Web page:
Saturday, February 21, 2009


The billboard on Kim Ma street is rather ominous.  The grand billboard with electric displays lists Hanoi traffic accident and fatality statistics.

As I was roaring past today, the statistics were enough to release the twist of my hand on the handle accelerator.  Number of traffic accidents yesterday: 1.  Number of traffic fatalities: 1.  Most of the time when I make the daily turn from Kim Ma street to Lieu Giai, on my way home from work, I send a passing glance to the board.  0 traffic accidents yesterday.  I send an exasperated, whew, in the midst of the roar of traffic.  Right before I swerve around the city bus.  

156 accidents thus far this year.
142 traffic fatalities thus far this year.

What actually constitutes a traffic fatality?  I was left pondering the meaning of this english translation until I inquired.  Death.  142 people have died so far this year from traffic accidents.  Fortunately I haven't seen any terrible accidents yet or dead bodies sprawled on the street.  

Of course there are the fender benders.  Luckily the most damage that I have incurred thus far is cracking the hard white plastic covering of my old Honda Dream when I toppled over in the FPT University parking lot.  Needless to say, maneuvering the bike in small spaces is one of the harder parts of driving.  Most bikes are expertly parked in tight rows outside storefronts and looked after by an attendant.  Most of the time, the attendant hands you a numbered ticket before you park the bike which you must produce along with 2,000 or 3,000 Vietnamese dong ( about 30 cents) when you retrieve your bike later.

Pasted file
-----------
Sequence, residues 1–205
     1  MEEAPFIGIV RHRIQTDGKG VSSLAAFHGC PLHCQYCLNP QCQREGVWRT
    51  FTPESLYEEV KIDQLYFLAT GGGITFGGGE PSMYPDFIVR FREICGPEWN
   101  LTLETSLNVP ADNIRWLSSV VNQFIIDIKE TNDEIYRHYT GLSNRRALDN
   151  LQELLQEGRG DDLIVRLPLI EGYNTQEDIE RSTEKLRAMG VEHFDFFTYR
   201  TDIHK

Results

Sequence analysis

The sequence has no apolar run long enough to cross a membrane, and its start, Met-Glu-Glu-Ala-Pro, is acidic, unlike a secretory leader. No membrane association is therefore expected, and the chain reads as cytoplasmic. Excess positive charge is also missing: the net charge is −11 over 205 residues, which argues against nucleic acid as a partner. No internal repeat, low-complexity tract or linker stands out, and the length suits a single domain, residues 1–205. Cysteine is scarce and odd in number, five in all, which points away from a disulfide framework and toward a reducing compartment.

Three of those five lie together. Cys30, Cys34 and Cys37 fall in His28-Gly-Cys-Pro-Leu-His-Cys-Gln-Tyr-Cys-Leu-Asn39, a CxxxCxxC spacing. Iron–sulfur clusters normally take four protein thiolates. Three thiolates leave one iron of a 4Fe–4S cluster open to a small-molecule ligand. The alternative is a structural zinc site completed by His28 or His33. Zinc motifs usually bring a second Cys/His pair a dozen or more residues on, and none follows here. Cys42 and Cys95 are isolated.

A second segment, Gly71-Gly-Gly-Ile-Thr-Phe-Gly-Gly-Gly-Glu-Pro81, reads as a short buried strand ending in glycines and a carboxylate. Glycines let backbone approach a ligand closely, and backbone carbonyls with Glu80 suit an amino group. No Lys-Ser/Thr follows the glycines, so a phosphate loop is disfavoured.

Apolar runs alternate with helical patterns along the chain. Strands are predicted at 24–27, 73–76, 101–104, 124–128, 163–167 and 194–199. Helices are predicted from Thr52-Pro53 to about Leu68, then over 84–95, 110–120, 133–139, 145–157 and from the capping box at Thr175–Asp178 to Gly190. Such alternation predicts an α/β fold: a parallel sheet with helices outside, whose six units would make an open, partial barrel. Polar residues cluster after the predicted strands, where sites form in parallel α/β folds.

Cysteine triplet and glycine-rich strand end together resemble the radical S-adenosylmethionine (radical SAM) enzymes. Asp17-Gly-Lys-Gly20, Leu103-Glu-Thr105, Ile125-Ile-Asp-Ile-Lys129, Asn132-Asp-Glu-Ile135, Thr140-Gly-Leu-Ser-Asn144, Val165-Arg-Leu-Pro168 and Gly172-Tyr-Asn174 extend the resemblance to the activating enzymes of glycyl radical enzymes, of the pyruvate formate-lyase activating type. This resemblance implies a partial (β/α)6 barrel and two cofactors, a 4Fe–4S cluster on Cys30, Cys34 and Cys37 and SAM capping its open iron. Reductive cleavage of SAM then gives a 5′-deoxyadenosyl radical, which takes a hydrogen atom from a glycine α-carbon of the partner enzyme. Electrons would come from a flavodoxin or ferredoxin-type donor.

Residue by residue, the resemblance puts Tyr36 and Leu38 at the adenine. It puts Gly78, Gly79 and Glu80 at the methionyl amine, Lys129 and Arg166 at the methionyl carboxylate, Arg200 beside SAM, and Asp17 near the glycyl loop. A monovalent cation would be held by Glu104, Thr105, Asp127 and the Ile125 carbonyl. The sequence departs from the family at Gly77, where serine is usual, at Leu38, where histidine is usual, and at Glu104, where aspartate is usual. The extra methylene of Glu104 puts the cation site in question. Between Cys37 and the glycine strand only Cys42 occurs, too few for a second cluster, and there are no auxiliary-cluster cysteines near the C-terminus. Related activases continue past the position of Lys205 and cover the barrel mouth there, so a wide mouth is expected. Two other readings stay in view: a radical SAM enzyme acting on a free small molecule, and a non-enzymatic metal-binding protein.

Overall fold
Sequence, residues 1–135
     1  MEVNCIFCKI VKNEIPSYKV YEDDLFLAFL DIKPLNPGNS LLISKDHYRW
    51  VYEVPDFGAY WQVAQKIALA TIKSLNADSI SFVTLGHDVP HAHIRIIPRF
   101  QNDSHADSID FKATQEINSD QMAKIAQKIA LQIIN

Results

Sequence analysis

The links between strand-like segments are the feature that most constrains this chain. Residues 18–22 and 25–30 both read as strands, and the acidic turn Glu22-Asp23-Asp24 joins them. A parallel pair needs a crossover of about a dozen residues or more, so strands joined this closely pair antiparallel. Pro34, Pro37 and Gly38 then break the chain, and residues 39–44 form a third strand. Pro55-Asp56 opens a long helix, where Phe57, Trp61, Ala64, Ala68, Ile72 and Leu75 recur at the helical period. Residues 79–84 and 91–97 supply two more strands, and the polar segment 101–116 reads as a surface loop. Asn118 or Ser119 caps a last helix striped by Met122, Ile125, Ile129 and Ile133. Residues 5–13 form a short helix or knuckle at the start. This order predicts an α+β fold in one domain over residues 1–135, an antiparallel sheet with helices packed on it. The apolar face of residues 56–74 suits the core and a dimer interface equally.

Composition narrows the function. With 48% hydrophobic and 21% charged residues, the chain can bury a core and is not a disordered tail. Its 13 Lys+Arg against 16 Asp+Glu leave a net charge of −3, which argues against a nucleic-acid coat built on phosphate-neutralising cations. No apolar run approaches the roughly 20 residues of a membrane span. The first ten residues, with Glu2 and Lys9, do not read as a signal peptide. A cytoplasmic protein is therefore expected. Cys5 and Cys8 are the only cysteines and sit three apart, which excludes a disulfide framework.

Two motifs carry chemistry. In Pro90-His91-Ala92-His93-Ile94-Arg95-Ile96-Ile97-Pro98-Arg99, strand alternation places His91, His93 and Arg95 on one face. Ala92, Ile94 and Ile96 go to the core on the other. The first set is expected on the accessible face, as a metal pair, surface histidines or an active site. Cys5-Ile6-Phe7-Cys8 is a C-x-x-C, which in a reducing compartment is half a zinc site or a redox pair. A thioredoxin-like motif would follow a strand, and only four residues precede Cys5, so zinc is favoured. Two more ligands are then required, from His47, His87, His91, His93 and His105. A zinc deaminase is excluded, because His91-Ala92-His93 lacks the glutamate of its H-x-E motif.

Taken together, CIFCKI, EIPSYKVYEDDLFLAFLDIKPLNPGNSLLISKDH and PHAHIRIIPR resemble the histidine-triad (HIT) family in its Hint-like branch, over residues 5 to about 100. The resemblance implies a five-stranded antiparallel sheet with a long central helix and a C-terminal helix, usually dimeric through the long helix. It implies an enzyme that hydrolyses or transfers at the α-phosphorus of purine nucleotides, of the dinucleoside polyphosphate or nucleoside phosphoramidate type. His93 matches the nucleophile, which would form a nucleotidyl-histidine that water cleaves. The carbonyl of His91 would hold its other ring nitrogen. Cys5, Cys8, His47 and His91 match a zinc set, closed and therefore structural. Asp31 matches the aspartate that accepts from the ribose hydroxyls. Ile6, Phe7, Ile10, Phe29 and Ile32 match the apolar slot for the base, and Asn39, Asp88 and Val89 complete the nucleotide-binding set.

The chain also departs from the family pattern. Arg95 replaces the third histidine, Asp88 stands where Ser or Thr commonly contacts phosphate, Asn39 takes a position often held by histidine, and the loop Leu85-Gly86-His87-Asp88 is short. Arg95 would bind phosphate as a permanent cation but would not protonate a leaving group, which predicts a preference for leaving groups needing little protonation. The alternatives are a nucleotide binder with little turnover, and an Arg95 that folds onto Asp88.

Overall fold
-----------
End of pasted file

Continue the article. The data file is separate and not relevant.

Helmet laws are enforced and perhaps the pollution masks people wear when driving will become a future law.  The surgical looking mask drivers wear to protect against dust and exhaust fumes also serves as a fashion statement.  My cloth mask is a pink, blue, and green floral pattern.  

In terms of rules of the road, there aren't very many.  Or I should say there are rules such as traffic lights, roundabouts, and one-way streets but followed under your own digression.  The no man's land of the road are fairly busy intersections with no traffic signals.  These are best approached with caution and a heavy foot over the break.  Slow down for the tour bus to pass, swerve around the man slowly making his way across the street, speed up before the student on the bicycle collides with you.  

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